The names of the UK’s 100 most powerful people of African and Caribbean heritage are unveiled today in the second annual edition of The Powerlist: Britain’s 100 Most Influential Black People. 

The list – compiled by a high-powered panel chaired by the British High Commissioner to Australia, Baroness Amos – smashes stereotypes by featuring business leaders, entrepreneurs and people from the arts, media, science and engineering, most of whom the average person in Britain will probably never have heard of, yet all of whom are leaders in their field.

Only one footballer appears on the list: Chris Powell: Chair of the Professional Footballers’ Association, and no-one from the world of entertainment gets a look-in.

Instead, engineers, investment bankers, lawyers, entrepreneurs and even a space scientist feature in the high-class, glossy publication.

Baroness Scotland

Baroness Scotland

Baroness Scotland, the UK’s first female Attorney General, tops the list; in second place is Tidjane Thiam, who earlier this year was named the first black CEO of a FTSE 100 company, when he was appointed boss of Prudential.

Tidjane Thiam

Tidjane Thiam

Self-made billionaire Dr Mo Ibrahim, founder of Celtel International and the Mo Ibrahim Foundation, is in third place, while Damon Buffini, the multimillionaire chairman of one of Europe’s biggest private equity firms, Permira, is at number four.


Dr Mo Ibrahim

Baroness Scotland is joined by three other women in the top 10: Claire Ighodaro, an independent director and trustee who chairs the audit committees of some of the UK’s most prestigious organisations, including Lloyd’s of London and the Banking Code Standards Board (No7); Vivian Hunt, a director with leading management consulting firm McKinsey & Co (No8); and Tsega Gebreyes, CEO of investment firm Satya Capital Ltd, which specialises in sub-Saharan Africa (No10).

CEO of Restoration Partners and non-executive director of Thomson Reuters Ken Olisa, one of the world’s leading corporate lawyers, Trevor Faure, and the Archbishop of York, John Sentamu, rounds up the top 10 at numbers 5, 6 and 10 respectively.

The Powerlist is published by Powerful Media in partnership with, for the second year, investment bank JP Morgan; joining them this year is media sponsor Thomson Reuters. Playwright/actor/broadcaster Kwame Kwei-Armah, physical oil trader Michael Prest, JPMorgan managing director Carol Lake and executive headhunter Annmarie Dixon-Barrow make up the rest of the selection panel.

The CEO of Powerful Media Ltd, Michael Eboda, said: ‘The Powerlist offers a view of black British society that few are aware exists. People often ask whether we could have a Barack Obama, the answer is, if we did, that person would probably come from the Powerlist.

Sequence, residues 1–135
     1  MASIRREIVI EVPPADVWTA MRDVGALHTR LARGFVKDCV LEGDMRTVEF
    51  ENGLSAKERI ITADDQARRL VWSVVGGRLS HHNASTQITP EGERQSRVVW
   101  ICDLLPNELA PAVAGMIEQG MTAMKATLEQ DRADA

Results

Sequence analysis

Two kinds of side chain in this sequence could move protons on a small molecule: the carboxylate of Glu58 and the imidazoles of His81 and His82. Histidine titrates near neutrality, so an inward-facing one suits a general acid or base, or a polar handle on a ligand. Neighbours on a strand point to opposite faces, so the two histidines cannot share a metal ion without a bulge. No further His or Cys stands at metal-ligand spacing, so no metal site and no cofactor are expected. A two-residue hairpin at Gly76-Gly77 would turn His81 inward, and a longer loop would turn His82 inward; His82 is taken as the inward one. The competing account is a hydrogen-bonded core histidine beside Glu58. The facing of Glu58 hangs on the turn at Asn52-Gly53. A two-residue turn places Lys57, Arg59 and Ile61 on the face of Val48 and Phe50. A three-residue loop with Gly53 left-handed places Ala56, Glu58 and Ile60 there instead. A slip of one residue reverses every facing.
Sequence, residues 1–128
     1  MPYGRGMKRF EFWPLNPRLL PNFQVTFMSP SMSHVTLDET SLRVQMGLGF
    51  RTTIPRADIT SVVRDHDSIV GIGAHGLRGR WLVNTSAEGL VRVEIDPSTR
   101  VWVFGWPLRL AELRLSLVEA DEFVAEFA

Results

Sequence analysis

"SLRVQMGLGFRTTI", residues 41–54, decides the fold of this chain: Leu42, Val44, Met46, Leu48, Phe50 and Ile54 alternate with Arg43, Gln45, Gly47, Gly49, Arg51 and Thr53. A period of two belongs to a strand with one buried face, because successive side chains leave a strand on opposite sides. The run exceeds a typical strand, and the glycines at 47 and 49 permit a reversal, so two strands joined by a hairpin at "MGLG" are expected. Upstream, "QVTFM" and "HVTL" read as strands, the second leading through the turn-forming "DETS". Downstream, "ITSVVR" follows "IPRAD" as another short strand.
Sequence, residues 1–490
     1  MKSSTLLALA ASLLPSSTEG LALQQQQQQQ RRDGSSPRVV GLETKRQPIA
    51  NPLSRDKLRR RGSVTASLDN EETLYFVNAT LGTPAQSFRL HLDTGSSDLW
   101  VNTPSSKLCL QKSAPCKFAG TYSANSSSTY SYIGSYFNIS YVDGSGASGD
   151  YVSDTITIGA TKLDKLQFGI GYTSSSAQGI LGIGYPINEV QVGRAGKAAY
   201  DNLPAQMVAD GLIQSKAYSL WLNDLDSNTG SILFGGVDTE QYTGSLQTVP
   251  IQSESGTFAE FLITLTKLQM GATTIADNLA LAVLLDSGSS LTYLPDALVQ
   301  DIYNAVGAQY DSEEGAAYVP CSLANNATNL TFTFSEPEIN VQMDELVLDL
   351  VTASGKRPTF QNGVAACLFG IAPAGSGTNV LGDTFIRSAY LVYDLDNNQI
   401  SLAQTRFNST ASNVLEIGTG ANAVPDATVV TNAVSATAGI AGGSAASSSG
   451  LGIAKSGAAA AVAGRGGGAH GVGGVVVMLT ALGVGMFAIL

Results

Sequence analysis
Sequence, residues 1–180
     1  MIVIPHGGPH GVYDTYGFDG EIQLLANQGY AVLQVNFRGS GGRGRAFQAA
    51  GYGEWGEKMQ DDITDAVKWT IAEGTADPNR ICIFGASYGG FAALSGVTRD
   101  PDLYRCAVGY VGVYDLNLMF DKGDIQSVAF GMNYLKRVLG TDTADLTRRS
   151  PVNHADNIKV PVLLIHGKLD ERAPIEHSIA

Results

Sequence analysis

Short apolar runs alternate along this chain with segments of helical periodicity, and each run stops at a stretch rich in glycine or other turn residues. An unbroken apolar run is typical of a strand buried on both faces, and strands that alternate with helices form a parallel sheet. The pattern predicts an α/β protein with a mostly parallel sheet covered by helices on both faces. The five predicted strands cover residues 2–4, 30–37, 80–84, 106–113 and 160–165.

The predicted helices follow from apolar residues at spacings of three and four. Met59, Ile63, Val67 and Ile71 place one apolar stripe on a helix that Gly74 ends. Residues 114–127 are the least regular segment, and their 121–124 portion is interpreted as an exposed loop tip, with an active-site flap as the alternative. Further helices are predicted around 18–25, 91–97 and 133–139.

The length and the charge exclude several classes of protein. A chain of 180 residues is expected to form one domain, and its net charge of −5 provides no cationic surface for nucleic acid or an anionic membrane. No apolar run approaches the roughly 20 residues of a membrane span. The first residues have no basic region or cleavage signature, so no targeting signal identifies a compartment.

‘It is often said that there is a lack of black role models, the Powerlist shows this to be patently untrue. It’s a publication that should be made available to as many young people as possible because it is really important for them to see people like them, from backgrounds similar to theirs who have achieved at the highest level.’

This year the Powerlist is accompanied by a brand new supplement titled Future Leaders, which celebrates 30 of the UK’s most outstanding black students, listing both their academic and personal achievements. A select panel of judges, which included minister for higher education David Lammy, voted for the 30.

The Powerlist is available in high quality glossy magazine format (priced at £6.95) and as a downloadable ezine (£3.99) only from www.powerful-media.com or by ringing the sales hotline on 0207 868 1470.

The Top 10

1 Baroness Scotland, Attorney General

2. Tidjane Thiam, CEO Prudential

3. Dr Mo Ibrahim, Founder Mo Ibrahim Foundation

4. Damon Buffini, Chairman, Permira

5. Ken Olisa, Chair, Restoration Partners, Non-exec director, Thomson Reuters and ENRC

6. Trevor Faure, Global Head of Legal, Ernst&Young

7. Claire Ighodaro, Independent director

8. Vivian Hunt, Director McKinsey and Co

9. John Sentamu, Archbishop of York

10. Tsega Gebreyes, Chair, Satya Capital

Mad News congratulates all those who made the list.

This should hopefully send out a message that to become successful we as a people can do more than just run, kick a ball, sing, rap and dance.

5 replies »

  1. congrats 4 a job well done i didnt know such black poweful people existed in the uk thought u culd only find them in America.pls can make a big banner of there images or hand bills and share around black neigbourhoods in south london.I think it will serve as an inpiration for youths intangled in the life of crime.

  2. It is great to observe the changing face of UK’s black communities. This will break down mental barriers for black youths, providing them with that hope that we all try to instill in them but was just not visual to them. Now when they are lectured about black achievers it will not be from a foreign land that they cannot directly identify with but from the UK itself. Well done to you all and I know from experience that the road to success is not an easy one; however you have been triumphant. CONGRATULATIONS!

  3. Hi just when I began to think my Education counted for nothing! Here you are reminding me, and others how strong, faithful and couragous we must be to achieve; what we Believe!!

    Thank you. I LOVE IT

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September 2009
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